A second approach is to purchase or create Content or Learning Management Systems that streamline and organize content for online delivery. Rather than asking faculty to learn authoring products or computer languages to develop online courses, tools such as Blackboard, E-College, and WebCT allow faculty to easily upload content and manage student data. These technologies also provide for synchronous and asynchronous chats, resource sharing, and evaluation instruments.

Both approaches are important. Online courses are labor-intensive, and they require an innovative way of thinking about the role of the instructor. Training provides faculty with this support technologically as well as pedagogically. Professional development also leads to faculty 'buy-in.' Learning Management Systems, the focus of this paper, are also important as they help standardize how faculty create content. However, many of these systems are now being based on industry-wide, content specifications that require faculty to think differently about their electronic courses.

In this article, we will describe SCORM, a collection of specifications that aim to standardize content management. Many of the current and proposed Learning and Content Management Systems are based on SCORM; thus, online educators will need to become familiar with the government and industry-based model. We will also discuss its implications for educators, specifically as a theoretical model for designing online content. These implications, and the accompanying rationale, will help faculty understand and explore ways to put information online for student learning.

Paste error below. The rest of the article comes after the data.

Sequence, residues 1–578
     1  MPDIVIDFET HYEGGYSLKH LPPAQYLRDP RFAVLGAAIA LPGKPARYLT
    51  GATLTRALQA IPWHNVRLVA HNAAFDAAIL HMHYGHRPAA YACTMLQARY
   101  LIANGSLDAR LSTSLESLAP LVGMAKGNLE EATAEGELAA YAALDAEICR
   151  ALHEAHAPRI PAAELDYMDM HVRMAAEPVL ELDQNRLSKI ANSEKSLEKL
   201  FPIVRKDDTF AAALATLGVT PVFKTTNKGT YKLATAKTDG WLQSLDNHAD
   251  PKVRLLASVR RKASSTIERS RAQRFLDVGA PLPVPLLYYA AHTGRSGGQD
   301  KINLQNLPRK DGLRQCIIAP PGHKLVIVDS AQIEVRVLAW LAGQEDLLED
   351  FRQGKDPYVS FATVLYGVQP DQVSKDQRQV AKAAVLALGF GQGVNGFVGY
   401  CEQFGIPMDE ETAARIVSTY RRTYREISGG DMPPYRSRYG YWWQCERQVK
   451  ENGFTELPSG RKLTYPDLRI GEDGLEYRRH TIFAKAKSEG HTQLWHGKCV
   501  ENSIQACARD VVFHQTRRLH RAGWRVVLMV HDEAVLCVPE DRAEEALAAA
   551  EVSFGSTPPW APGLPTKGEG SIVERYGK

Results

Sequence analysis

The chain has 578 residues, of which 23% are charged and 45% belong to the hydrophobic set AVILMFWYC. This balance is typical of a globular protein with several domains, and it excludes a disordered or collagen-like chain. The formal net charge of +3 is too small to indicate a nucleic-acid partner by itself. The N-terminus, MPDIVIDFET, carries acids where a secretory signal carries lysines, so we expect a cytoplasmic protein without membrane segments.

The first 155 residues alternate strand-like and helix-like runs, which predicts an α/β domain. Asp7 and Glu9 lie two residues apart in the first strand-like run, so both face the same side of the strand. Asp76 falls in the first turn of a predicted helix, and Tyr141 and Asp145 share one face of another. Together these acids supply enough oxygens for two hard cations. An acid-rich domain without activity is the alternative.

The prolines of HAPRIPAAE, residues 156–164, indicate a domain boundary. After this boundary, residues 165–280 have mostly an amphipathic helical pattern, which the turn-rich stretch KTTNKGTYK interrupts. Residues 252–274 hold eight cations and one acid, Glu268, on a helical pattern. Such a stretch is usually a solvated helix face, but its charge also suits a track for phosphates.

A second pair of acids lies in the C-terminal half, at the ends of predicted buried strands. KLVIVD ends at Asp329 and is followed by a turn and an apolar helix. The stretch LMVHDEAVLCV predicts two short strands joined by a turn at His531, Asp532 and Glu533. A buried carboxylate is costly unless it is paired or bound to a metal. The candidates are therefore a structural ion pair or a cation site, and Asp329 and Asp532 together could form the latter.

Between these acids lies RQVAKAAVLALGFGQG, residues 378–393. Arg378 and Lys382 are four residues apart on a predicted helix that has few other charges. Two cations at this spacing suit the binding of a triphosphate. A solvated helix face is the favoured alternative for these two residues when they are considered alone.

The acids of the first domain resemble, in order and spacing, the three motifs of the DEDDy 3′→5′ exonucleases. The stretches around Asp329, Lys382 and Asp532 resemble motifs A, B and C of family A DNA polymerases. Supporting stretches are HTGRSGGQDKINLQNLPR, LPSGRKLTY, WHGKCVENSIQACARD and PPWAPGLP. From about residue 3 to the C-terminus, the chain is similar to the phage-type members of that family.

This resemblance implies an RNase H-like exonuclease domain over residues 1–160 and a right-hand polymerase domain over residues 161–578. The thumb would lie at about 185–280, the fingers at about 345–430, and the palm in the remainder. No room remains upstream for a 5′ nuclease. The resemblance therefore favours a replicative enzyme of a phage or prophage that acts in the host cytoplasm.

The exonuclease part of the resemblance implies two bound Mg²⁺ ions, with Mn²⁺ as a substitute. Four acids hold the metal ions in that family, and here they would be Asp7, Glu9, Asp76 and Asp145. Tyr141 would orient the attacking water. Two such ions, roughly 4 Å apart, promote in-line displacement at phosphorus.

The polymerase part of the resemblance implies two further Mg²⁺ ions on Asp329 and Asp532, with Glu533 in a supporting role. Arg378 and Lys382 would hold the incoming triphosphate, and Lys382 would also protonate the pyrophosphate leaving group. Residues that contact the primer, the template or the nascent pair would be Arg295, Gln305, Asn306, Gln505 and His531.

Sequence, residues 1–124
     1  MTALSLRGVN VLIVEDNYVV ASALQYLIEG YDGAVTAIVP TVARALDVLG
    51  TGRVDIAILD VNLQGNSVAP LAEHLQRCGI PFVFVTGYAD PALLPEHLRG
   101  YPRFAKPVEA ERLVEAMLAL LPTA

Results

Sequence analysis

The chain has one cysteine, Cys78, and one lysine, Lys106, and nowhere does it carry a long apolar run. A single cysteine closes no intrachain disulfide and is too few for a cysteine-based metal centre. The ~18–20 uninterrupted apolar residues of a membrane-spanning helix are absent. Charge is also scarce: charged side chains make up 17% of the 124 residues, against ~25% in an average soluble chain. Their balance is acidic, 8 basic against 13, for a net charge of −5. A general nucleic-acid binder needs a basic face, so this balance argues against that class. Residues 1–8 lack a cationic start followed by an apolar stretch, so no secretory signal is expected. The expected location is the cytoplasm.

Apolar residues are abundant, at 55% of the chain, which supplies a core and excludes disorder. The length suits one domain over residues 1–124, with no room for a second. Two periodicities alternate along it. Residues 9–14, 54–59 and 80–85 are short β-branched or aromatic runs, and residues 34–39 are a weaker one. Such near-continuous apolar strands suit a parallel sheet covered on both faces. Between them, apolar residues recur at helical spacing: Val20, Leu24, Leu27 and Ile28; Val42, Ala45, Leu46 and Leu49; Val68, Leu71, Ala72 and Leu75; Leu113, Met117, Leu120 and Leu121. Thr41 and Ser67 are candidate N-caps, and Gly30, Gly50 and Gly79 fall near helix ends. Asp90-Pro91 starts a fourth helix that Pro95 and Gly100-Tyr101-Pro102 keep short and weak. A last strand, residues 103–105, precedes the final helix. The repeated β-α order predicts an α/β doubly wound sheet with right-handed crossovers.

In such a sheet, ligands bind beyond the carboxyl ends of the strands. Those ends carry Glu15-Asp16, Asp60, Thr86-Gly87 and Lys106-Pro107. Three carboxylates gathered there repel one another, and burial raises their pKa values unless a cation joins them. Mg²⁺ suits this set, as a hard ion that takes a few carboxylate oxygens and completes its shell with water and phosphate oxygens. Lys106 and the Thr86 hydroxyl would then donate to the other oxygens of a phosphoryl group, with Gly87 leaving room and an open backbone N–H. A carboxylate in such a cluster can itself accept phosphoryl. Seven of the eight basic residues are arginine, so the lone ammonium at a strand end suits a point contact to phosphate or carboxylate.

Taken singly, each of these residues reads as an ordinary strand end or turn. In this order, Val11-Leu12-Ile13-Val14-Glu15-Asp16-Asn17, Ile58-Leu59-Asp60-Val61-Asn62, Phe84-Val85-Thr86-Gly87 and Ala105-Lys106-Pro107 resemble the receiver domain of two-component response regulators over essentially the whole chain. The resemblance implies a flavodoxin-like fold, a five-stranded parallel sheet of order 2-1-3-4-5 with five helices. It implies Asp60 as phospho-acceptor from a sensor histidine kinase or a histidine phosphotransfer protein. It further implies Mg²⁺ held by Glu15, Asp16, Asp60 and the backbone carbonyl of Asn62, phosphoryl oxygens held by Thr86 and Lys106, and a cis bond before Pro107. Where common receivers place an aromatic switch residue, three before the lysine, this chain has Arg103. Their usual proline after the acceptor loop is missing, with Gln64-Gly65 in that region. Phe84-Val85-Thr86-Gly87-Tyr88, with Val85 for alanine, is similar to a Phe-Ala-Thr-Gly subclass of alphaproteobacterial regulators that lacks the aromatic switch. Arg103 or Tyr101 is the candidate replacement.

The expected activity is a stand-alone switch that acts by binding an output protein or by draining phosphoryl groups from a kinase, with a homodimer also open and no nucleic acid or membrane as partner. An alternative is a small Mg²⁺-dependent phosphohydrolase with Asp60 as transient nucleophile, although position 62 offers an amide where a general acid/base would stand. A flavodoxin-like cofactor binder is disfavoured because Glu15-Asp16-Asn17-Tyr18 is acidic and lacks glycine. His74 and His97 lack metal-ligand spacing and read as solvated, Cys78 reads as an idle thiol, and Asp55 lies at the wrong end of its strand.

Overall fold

Defining SCORM

In 1999, an executive order commissioned the US Department of Defense (DOD) to work with other government agencies and private businesses to develop a set of standards for online learning systems. The outcome of DOD's Advanced Distributed Learning group's work was a model called SCORM--Sharable Courseware Object Reference Model. SCORM establishes a set of technical standards or specifications that enable web-based learning systems to find, import, share and re-use content in a standardized way. SCORM standardizes how "Learning Management Systems" (LMS) launch and track directed learning experiences, as well as how they define the intended student behavior so content can be reused, moved, searched, and re-contextualized.